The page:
Tiny Love Stories: ‘He Was My Mother’s Type, Not Mine’

“My” Type

“I want to set you up with someone,” my mother said. I was immediately suspicious. “A friend’s son?” I asked. She paused, then said, “I did a bad thing.” To my horror, she created a JDate account, impersonating me. “I just wanted to find you someone to run with,” she said. Curiosity won: “My” profile was cringe-worthy, but the runner who wanted to meet “me” wasn’t so bad. After I confessed to my mother’s misdeeds, we met. He was my mother’s type, not mine. I rewrote my profile. The next guy made me laugh. We’ve been running together since 2002. — Rebeca Robboy

Selfie on a run with our daughter. 

‘Laughing Like She Was In Life’

Whenever I visit my grandfather in Louisiana, a naïve glimmer of hope in me expects to see my grandmother, who died when I was 14. She died before I transitioned, unaware that her only grandchild was really her granddaughter. She collected Japanese beckoning cats. I found one recently and put it snug among the others on my grandparents’ mantelpiece. They’ll beckon her forever. Yet, my grandmother often comes to me in dreams, vest-clad and laughing like she was in life. In a recent dream, she called me by my name: Vitoria. I woke, crying, believing that she sees me. — Vitoria Perez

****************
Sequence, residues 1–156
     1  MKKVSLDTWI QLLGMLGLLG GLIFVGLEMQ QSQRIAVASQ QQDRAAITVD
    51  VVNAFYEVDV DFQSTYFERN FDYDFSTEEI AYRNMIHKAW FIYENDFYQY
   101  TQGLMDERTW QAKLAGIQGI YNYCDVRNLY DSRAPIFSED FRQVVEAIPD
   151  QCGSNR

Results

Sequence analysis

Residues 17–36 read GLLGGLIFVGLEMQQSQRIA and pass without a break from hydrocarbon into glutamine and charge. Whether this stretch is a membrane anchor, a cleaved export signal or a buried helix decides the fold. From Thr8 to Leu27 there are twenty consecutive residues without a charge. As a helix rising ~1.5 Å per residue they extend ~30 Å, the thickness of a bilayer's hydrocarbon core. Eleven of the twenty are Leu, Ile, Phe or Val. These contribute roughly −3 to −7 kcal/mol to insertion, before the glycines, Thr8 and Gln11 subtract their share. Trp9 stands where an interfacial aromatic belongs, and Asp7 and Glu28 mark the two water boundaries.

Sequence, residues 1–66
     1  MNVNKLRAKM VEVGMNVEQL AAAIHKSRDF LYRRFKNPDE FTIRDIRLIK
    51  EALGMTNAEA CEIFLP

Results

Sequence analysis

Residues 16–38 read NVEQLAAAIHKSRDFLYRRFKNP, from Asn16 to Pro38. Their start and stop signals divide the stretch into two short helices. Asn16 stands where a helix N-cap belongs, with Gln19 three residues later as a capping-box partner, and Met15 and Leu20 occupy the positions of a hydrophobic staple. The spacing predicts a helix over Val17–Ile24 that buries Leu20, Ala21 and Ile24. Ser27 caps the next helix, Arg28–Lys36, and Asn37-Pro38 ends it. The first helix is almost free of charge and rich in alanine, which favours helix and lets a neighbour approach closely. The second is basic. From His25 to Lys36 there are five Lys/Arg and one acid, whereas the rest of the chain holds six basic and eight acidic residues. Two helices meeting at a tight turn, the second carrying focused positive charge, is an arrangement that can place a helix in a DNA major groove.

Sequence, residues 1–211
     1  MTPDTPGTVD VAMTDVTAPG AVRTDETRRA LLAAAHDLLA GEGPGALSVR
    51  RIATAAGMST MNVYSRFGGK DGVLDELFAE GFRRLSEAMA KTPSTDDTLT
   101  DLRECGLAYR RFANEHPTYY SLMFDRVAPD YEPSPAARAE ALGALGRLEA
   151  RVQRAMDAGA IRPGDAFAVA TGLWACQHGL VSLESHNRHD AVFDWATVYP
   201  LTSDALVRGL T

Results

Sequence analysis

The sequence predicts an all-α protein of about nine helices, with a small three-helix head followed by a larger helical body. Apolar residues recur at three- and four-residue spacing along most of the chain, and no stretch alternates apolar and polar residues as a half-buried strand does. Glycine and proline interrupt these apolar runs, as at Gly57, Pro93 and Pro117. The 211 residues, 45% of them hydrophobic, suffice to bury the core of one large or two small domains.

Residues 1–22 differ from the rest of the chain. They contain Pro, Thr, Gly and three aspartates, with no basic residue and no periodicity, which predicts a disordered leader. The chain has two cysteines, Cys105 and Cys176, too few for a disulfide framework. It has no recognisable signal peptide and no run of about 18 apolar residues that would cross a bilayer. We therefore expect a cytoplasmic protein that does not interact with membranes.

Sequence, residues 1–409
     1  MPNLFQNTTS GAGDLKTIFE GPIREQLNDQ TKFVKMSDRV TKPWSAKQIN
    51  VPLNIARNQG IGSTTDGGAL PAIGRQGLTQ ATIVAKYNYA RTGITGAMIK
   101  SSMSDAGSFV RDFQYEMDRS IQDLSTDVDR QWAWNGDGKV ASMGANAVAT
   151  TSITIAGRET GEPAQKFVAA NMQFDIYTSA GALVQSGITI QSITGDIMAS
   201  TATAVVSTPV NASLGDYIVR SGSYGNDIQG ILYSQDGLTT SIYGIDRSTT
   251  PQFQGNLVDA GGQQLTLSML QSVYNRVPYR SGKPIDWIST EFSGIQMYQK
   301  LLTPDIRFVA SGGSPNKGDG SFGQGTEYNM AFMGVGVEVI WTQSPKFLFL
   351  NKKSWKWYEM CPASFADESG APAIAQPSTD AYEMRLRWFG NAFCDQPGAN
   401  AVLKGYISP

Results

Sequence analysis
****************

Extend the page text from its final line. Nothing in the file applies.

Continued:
The cats on my grandparents’ mantlepiece.

Almost-Twin Telepathy

My brother, Will, who can fix anything, always carries a pocketknife. I’m four years older, but we share a bit of twin telepathy. He’s a devoted, much-loved uncle, even if he doesn’t often attend my children’s school or sporting events. Weeks after my marriage imploded, I dragged myself to my son’s baseball game. With some social battle lines already drawn, I sat alone, withering on the inside. At the bottom of the first inning, someone surprised me by taking the adjacent seat. Will didn’t say a word. He just put his big, strong arm around my shoulders. — Natalie Moore Brandt

My brother, Will, reading to my son, Dillon. 

Joining the Circus

Falling in love seemed crazy at my advanced age. Except being with Bernie gave me shivers of delight. His hobby was circus history. My first thought: “Weird.” Still, I walked down creaky basement steps to admire his miniature circus parade. As weeks pleasantly passed, I went with him to model circus exhibits. Got him coffee. Chatted with anyone who wanted to talk circus history. Even co-authored a book about historic buildings with him. Now my mind savors memories. Bernie died, unexpectedly. I think about the exciting times we shared, our unexpected love. Life’s a circus. — Mary Bowman-Kruhm

Bernie’s model circus parade.

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